03 September 2009

That D*** Web Site Part III

The weirdly resizing box in the upper right-hand corner is fixed, and now people can access the ODGW site without any problems, but there is still no way to track when a Forum topic is started and added to.  So it looks like there is absolutely no information about Fleet Action Imminent or The Solomons Campaign.  Trying to use the Support Forum as a base for playtest discussion looks hopeless, because the playtest topics are also affected.  I tried something today to see if emulating the Forum topics that work would perhaps change the way the dysfunctional topics are counted.  No joy.

soCal's burning

Surely you have seen the news about the wildfires in southern California.  White dots covered my car one morning, and it took a few minutes before I realized that the winds had shifted, and it was ash from the fires which are several miles from my apartment.  Griffith Park is part of the area burning again, threatening the landmark Observatory.  The skies are dark, and the sunsets are redder than usual, all due to the massive amounts of smoke.  One can see the horizon at night as a red glow from the top of my hill.  The heat is hindering firefighting efforts — hopefully we will see cooler temperatures soon, which will slow down the advance of the flames.

02 September 2009

miniatures vs boardgames

The classic dilemma.  Usually there will be a strong preference by a gamer for one over the other.  And for good reason.  It costs a lot in time and money to play the games, and you cannot do everything.  I like both, with a slight preference for miniatures, due largely to the appeal of the models and the free form of the movement.  But there is an excellent series of boardgames from GMT called the Great Battles of the American Civil War (GBACW), that have drawn my interest.  Their game on Gettysburg, which battlefield I had the good fortune to visit for the second time this past July, is visually stunning and engrossing to play.  Now I will never turn down a worthwhile miniatures game of the ACW period, but GMT has published some real winners here.  The great thing about boardgames is there is usually no doubt where a unit is, what it can see, how far it can move, and once you buy it, your investment is over.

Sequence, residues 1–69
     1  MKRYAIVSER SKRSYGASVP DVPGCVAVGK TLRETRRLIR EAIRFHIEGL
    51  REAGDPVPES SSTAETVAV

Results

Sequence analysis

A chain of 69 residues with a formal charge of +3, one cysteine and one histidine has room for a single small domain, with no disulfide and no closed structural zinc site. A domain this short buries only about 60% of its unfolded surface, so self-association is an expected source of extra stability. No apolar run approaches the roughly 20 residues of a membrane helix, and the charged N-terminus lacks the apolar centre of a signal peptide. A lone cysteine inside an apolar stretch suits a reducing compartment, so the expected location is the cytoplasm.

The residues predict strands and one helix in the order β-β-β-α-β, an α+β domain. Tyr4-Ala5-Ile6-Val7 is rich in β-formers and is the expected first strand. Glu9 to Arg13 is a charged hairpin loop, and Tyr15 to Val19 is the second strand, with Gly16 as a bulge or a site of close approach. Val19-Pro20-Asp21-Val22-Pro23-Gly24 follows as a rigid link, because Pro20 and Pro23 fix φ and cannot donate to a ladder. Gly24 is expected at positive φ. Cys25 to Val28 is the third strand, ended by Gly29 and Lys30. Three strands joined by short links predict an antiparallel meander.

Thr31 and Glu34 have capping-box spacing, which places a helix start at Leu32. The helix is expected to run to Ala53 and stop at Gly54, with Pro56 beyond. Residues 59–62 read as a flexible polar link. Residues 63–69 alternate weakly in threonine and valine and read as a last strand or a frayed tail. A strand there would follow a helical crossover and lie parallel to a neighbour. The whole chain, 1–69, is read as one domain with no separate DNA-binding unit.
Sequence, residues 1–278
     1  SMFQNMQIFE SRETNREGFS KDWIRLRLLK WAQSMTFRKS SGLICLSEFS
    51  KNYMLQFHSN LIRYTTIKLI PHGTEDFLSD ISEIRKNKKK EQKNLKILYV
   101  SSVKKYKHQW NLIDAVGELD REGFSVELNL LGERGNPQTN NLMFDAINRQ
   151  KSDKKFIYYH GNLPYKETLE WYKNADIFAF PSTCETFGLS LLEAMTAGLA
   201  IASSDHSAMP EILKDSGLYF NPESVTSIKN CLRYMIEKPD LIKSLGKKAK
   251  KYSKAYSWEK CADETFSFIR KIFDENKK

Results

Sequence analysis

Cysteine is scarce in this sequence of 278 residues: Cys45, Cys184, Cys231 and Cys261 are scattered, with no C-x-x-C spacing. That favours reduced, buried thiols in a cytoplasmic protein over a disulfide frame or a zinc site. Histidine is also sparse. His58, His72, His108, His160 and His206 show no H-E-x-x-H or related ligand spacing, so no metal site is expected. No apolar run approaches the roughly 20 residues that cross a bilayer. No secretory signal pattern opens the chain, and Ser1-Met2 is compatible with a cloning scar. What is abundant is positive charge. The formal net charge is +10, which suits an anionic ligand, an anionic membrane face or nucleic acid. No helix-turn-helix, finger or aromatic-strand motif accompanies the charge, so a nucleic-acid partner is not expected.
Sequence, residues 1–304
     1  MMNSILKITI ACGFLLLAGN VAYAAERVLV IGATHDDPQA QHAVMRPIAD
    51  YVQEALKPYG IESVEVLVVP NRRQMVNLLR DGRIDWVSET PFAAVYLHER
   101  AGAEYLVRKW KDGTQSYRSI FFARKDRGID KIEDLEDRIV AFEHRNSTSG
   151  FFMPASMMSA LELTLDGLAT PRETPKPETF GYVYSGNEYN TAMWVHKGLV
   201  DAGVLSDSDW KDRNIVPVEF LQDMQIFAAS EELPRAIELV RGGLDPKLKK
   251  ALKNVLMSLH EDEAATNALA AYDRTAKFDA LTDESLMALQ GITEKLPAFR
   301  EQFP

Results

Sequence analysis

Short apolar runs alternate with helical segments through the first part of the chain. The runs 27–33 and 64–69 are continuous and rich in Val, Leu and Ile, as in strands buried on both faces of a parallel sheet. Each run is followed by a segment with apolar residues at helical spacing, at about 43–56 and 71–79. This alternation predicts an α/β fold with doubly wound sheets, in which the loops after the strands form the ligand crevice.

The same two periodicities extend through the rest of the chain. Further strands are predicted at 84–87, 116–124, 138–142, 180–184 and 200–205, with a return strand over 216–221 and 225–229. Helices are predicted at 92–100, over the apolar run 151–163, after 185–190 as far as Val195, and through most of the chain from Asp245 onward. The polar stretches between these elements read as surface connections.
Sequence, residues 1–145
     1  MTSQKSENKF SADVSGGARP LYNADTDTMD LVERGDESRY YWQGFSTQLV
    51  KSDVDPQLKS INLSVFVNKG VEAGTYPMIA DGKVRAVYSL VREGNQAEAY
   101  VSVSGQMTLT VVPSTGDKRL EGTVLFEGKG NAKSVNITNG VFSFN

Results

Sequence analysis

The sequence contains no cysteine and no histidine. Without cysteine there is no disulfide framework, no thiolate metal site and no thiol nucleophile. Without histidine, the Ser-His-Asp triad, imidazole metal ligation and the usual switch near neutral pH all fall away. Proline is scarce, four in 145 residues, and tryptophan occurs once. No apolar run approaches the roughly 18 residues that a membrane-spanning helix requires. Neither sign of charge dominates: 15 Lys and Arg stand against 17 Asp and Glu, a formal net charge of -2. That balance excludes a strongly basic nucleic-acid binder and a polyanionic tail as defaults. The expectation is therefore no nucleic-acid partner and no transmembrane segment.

tabletop terrain

Like a lot of guys, I had model trains when I was young.  And like a lot of guys, I still have them.  One of the legacies of model railroading is an interest in terrain and making it look realistic.  Now a lot of wargamers do this, and more power to them.  They have it all — a beautiful table, with finely painted miniatures marching across it.  But too often the splendid miniatures traipse across a terrible excuse for a landscape.  One of my favorite additions to any table is trees, of which one can never have too many.  You can go out and break your bank buying them ready made, or do-it-yourself using the variety of techniques available just by surfing the web.  Also, there is a dedicated Yahoo egroup just for tree making.

Living in southern California gives me access to sage, which makes a wonderful armature for realistic trees in virtually any scale.  You just have to get out and go hunting in the brush.  Living near Griffith Park makes that very easy for me, and gives me the excuse I need to go hiking and biking on the trails there.  The trees one can make are stunning, and really score points when placed on a table.  It is so much better to play a game when one feels that the ground is worth fighting for, than when you have to pretend it is something that it is clearly not.

01 September 2009

Meine Truppen playtesting

So I have a few responses from my four hundred and one email blast to the Mein Panzer database.  Good to see that some are willing to try out my weird and unusual concepts.  I have one idea that is very radical, involving a wholesale change in the way the game is played.  May introduce this to the playtesters at a later stage as an alternative.

secret pleasures

Dare I say it?  I play other publishers' games.  And enjoy them.  I think that no one has a monopoly on the right approach or answer.  And ODGW does not cover every period in which I have an interest.   Seeing how other designers answer the questions of how to simulate a battle churns my creative juices.  Let's face it, as one of my professors in college once said, you will have one, maybe two, completely original ideas in your lifetime.  It may not be the best place to have them on something as mundane as a wargame.